It is located between the islands of Žirje, Dugi otok and Pašman. The archipelago is divided into two groups: Lower Kornati consisting of Kornat and surrounding islands and Upper Kornati made of Sit, Žut and surrounding islands. Because of the extraordinary beauty of landscape, the abundance of natural bays and the rich sea flora and fauna, out of 152 of the Kornati islands, 89 of them were declared a national park in 1980.
One of the most impressive natural phenomena on Kornati are cliffs on many islands of the Lower Kornati, facing open sea. The cliffs have always been referred to as “crowns” (corona) and that is probably where the name of Kornati originates from. The highest cliffs can be found on the island of Klobučar (80m high), Mana (65m) and Rašip veli (64m).The cliffs can reach even up to 100m under water.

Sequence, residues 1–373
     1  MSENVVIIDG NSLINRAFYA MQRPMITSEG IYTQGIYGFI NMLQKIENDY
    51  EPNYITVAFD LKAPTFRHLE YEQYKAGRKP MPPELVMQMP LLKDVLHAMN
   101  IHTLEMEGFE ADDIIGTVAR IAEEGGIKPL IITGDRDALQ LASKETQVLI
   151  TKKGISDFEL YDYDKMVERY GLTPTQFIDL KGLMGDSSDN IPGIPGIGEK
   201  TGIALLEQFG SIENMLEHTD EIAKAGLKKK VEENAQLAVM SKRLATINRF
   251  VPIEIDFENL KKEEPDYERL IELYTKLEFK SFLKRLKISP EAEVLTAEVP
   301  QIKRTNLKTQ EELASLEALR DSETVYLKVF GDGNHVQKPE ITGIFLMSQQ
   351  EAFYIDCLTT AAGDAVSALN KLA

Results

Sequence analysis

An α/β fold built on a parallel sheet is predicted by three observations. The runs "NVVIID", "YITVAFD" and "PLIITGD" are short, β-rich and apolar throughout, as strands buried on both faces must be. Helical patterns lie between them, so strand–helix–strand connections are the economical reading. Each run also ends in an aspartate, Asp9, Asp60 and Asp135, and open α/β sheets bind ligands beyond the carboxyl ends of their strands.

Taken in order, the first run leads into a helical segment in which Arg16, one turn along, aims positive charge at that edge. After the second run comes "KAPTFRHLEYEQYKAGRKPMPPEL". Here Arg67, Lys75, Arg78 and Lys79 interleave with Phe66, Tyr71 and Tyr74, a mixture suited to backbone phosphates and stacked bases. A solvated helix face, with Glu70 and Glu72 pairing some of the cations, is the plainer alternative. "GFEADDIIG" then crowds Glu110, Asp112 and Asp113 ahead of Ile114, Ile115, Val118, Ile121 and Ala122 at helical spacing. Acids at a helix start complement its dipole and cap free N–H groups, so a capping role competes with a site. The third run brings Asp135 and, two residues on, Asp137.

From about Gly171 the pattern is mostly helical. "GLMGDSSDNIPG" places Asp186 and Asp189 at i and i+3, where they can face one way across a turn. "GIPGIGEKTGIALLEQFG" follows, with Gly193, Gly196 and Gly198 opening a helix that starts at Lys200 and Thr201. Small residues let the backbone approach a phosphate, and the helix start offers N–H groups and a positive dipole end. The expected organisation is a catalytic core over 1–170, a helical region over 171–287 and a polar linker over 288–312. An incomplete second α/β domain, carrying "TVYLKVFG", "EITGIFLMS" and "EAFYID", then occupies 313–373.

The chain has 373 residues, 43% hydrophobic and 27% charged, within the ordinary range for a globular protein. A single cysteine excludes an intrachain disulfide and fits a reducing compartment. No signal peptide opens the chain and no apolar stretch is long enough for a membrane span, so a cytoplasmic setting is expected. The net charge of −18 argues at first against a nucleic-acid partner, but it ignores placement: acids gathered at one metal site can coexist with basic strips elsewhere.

Another attraction on Kornati are straits Mala and Vela Proversa (the Small and the Great Proversa), located between the islands of Kornat, Katina and Dugi Otok. Mala Proversa is actually a shallow, dug through for sailing even in Roman times. Many archaeological findings can still be seen there, like the remains of buildings and a vivarium from the 1st century A.D. A very unique thing to be seen is the so-called Vela ploča (the Great Plate) or Magazinova škrila, a 9,100m2 large, even, bear surface of limestone. It is located near Metlina (237m), the highest peak on Kornati.
The first Sunday in July is the day when the congregation of Murter go on a pilgrimage to Tarac and their votive ship procession is surely one of the most beautiful religious events in Croatia. Although the Kornati islands are not permanently inhabited, there are a few laborer’s and fisherman’s houses scattered around quiet, well preserved bays on islands like Žut, Sit, Kornat and the surrounding smaller islands. Nowadays, these houses have been made into restaurants and accommodation and have become the favorite destination of navigators and other tourists.